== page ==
Super-bodies of the 1980sFitness Gear & Equipment
Science fiction has always dealt with the relationship between the human and the robot, but combining the two into a hybrid being is a particular trend of the 1980s. The cyborg is a fusion of the human body and technology and it has been argued that both of these things were central concerns in the 1980s.
If we take them one at a time, the human body was a major preoccupation within popular culture of the 1980s. A large number of cultural products focussed on the human body to an obsessive degree. Action movies are a good example of this. The key action heroes of the period were stars like Arnold Schwarzenegger and Sylvester Stallone. Their star persona was based on the bulked-up, hyper-masculine body, which was achieved through weightlifting. Examples include the Rambo movies with Stallone, and Conan the Barbarian and The Terminator with Schwarzenegger. This is an image from Conan in which you see an almost fetishistic worship of Schwarzenegger’s physique.
It was not just the male body that was worshipped; the female body was also celebrated (of course that’s nothing new in Western culture). The actress Jane Fonda famously made a work-out video that became the best-selling video in history. This was part of a craze for transforming the body through aerobics or weight-lifting. Movies like Flashdance and Dirty Dancing were ostensibly about dance, but they were also about writhing bodies and rippling musculature. Of course, pornography is another arena in which the body was obsessively scrutinised.
Even horror and sci-fi were preoccupied with the human body. The sub-genre of body horror was a trend of the 80s, represented by the work of David Cronenberg. In science fiction, the human body was transformed by interspecies rape (Alien), gene-splicing (The Fly) and cybernetic enhancement (Robocop).
So the popular culture of the 1980s placed tremendous emphasis on the human body. It has been argued that this was a response to the postmodern era. Postmodernism is characterised by chaos, dislocation and the breakdown of identity. In this context, the human body became the last source of stability; it was the one part of us that had not changed. Popular culture of the 80s ‘retreated’ into the human body in an attempt to defy the contradictions of postmodern existence. This accounts for the fetishistic worship of the bulked-up physique in films of the period.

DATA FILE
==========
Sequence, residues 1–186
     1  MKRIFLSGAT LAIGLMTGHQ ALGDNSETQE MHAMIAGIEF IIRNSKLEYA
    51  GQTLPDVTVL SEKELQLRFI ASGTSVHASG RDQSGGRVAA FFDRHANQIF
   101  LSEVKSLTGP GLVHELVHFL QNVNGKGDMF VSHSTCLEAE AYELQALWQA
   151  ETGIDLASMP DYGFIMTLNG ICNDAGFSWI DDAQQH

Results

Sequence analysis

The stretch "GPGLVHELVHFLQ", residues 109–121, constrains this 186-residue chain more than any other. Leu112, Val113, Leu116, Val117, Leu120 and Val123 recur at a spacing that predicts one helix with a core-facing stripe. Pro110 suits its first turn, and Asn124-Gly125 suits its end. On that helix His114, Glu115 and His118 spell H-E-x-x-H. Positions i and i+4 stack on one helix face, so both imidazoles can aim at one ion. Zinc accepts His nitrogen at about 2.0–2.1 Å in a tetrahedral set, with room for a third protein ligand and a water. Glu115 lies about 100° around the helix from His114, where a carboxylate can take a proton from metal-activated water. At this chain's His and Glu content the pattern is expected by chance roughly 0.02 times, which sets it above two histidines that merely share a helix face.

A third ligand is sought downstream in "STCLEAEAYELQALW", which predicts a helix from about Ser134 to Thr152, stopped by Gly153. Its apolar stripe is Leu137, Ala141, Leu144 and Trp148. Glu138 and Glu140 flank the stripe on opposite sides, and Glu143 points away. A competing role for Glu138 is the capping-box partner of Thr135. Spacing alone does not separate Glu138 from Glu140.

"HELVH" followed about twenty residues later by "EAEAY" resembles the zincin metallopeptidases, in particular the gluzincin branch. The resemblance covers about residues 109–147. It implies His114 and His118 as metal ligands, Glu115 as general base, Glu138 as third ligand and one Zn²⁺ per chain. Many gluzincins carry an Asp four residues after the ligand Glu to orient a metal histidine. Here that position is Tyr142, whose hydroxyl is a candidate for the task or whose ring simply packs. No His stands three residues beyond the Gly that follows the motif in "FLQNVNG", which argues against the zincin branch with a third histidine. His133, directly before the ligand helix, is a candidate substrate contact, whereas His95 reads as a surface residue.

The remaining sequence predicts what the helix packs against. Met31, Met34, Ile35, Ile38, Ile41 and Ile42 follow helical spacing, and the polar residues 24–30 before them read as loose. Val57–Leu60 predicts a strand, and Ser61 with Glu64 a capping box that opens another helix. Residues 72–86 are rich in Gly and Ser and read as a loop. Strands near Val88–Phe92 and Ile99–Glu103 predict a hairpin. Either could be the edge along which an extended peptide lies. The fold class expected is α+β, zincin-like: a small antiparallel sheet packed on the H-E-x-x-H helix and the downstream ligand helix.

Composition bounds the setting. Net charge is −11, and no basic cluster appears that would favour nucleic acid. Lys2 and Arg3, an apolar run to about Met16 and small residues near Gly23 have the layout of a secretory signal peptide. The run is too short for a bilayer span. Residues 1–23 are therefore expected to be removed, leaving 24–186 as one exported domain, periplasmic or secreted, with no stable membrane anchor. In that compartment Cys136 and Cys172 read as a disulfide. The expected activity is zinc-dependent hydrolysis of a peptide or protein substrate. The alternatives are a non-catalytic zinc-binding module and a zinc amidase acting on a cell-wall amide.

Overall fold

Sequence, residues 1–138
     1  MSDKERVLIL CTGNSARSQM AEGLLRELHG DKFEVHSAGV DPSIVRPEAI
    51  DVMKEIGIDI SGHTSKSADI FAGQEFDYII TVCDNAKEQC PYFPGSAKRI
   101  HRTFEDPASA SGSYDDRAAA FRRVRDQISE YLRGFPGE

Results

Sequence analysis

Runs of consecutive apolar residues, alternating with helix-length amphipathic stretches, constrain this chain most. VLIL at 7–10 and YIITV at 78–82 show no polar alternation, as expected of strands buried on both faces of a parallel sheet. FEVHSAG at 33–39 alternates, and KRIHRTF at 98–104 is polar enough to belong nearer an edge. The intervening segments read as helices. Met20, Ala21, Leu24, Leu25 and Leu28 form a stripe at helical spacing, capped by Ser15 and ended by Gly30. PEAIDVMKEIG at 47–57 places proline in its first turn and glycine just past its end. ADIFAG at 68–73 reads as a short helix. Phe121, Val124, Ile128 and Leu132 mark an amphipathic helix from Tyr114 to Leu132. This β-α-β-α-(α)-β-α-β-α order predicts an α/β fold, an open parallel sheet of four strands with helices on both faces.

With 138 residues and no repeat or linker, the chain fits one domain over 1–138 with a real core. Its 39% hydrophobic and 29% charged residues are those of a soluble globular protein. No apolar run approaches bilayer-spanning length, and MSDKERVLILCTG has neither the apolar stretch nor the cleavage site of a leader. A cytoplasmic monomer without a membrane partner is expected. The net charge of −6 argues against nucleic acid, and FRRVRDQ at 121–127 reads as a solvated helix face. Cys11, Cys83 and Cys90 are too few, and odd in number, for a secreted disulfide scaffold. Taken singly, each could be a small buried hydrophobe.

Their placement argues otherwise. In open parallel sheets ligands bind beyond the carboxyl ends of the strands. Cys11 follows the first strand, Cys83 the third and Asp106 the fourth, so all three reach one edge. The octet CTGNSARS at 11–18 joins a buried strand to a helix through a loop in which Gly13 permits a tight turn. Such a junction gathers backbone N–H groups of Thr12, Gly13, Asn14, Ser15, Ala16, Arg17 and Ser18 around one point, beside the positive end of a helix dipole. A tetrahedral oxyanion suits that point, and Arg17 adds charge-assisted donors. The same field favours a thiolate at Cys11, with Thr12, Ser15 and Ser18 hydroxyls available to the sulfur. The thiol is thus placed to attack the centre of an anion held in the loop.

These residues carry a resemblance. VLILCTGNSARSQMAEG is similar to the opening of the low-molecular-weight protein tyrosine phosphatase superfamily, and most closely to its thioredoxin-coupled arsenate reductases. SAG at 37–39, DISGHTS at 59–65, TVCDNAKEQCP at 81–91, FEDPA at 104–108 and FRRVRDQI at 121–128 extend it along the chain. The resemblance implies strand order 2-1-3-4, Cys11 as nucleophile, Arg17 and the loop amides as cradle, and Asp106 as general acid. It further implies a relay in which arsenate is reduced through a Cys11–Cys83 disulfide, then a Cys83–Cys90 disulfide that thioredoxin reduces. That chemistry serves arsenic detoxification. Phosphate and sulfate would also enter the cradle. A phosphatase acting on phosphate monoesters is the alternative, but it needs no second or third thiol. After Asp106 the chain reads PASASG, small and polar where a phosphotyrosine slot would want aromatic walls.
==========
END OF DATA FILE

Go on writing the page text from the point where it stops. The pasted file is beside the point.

Linda Mizjewski has written an essay called ‘Action Bodies in Futurist Spaces’, which was published in the book Alien Zone II. She asks why the male super-body features so prominently in science fiction, a genre that continually re-imagines and transforms the human body and its genders. She writes:
'Science-fiction films have been instrumental in visualizing and narrativizing the qualities associated with postmodernism: disorientation, powerlessness, fragmentation, disintegration, loss of boundaries, and hybridization. Warding off these threats was one of the symbolic functions of the iron-clad muscular cyborg in science-fiction films of the 1980s and early 1990s.'
However, there is a contradiction here. We’ve seen that postmodernism is characterised by hybridisation - the fusion of different elements. The forces of globalisation and mass communication have created a hybrid culture. Different cultures from around the world have fused together to create a disorientating hybrid. The cyborg is a hybrid being because it is a fusion of living tissue and technology. Because of this, its authority is compromised. It can’t fight off the threats of the postmodern era because it is itself a symptom of postmodernity.
'Despite the irony that the fortified cyborg was itself a man—machine hybrid and could no longer lay claim to a unified identity, it fought hard to resist the postmodern breakdown of gender boundaries and rigid rules pertaining to sexuality. But its own compromised status as a hybrid made its mission futile.'
To summarise, steel-clad muscular cyborgs were a mainstay of science-fiction cinema during the 1980s. The cyborg was created to defy the postmodern breakdown, but as a hybrid being, its authority was compromised and its mission inevitably failed.